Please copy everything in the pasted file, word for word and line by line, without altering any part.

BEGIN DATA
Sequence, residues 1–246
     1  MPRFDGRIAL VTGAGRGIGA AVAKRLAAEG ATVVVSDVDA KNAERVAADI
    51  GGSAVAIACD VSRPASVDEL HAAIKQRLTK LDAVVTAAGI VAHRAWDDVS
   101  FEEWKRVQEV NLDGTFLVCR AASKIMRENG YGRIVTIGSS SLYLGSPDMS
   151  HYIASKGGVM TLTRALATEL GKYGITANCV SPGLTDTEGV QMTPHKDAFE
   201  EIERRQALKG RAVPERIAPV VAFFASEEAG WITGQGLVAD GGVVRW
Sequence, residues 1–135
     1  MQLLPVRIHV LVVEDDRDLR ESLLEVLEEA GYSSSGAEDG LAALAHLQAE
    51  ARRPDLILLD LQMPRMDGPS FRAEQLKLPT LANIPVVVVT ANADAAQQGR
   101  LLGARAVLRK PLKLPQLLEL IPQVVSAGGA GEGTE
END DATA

Sequence, residues 1–246
     1  MPRFDGRIAL VTGAGRGIGA AVAKRLAAEG ATVVVSDVDA KNAERVAADI
    51  GGSAVAIACD VSRPASVDEL HAAIKQRLTK LDAVVTAAGI VAHRAWDDVS
   101  FEEWKRVQEV NLDGTFLVCR AASKIMRENG YGRIVTIGSS SLYLGSPDMS
   151  HYIASKGGVM TLTRALATEL GKYGITANCV SPGLTDTEGV QMTPHKDAFE
   201  EIERRQALKG RAVPERIAPV VAFFASEEAG WITGQGLVAD GGVVRW
Sequence, residues 1–135
     1  MQLLPVRIHV LVVEDDRDLR ESLLEVLEEA GYSSSGAEDG LAALAHLQAE
    51  ARRPDLILLD LQMPRMDGPS FRAEQLKLPT LANIPVVVVT ANADAAQQGR
   101  LLGARAVLRK PLKLPQLLEL IPQVVSAGGA GEGTE